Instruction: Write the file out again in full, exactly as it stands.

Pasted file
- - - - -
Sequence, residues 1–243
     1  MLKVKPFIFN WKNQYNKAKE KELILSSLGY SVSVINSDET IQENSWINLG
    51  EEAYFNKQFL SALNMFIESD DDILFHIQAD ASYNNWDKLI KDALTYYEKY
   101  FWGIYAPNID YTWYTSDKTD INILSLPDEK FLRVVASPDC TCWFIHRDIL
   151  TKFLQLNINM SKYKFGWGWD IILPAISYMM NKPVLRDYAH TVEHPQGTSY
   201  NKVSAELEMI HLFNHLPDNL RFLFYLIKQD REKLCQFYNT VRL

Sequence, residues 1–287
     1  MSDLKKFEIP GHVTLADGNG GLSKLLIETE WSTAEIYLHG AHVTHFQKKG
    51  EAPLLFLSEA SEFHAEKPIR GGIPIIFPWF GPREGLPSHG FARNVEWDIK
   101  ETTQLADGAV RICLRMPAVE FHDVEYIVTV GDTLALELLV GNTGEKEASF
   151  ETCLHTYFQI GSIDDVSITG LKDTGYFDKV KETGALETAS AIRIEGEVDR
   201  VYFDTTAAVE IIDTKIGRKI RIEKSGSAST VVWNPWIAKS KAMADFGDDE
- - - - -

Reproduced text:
Sequence, residues 1–243
     1  MLKVKPFIFN WKNQYNKAKE KELILSSLGY SVSVINSDET IQENSWINLG
    51  EEAYFNKQFL SALNMFIESD DDILFHIQAD ASYNNWDKLI KDALTYYEKY
   101  FWGIYAPNID YTWYTSDKTD INILSLPDEK FLRVVASPDC TCWFIHRDIL
   151  TKFLQLNINM SKYKFGWGWD IILPAISYMM NKPVLRDYAH TVEHPQGTSY
   201  NKVSAELEMI HLFNHLPDNL RFLFYLIKQD REKLCQFYNT VRL

Sequence, residues 1–287
     1  MSDLKKFEIP GHVTLADGNG GLSKLLIETE WSTAEIYLHG AHVTHFQKKG
    51  EAPLLFLSEA SEFHAEKPIR GGIPIIFPWF GPREGLPSHG FARNVEWDIK
   101  ETTQLADGAV RICLRMPAVE FHDVEYIVTV GDTLALELLV GNTGEKEASF
   151  ETCLHTYFQI GSIDDVSITG LKDTGYFDKV KETGALETAS AIRIEGEVDR
   201  VYFDTTAAVE IIDTKIGRKI RIEKSGSAST VVWNPWIAKS KAMADFGDDE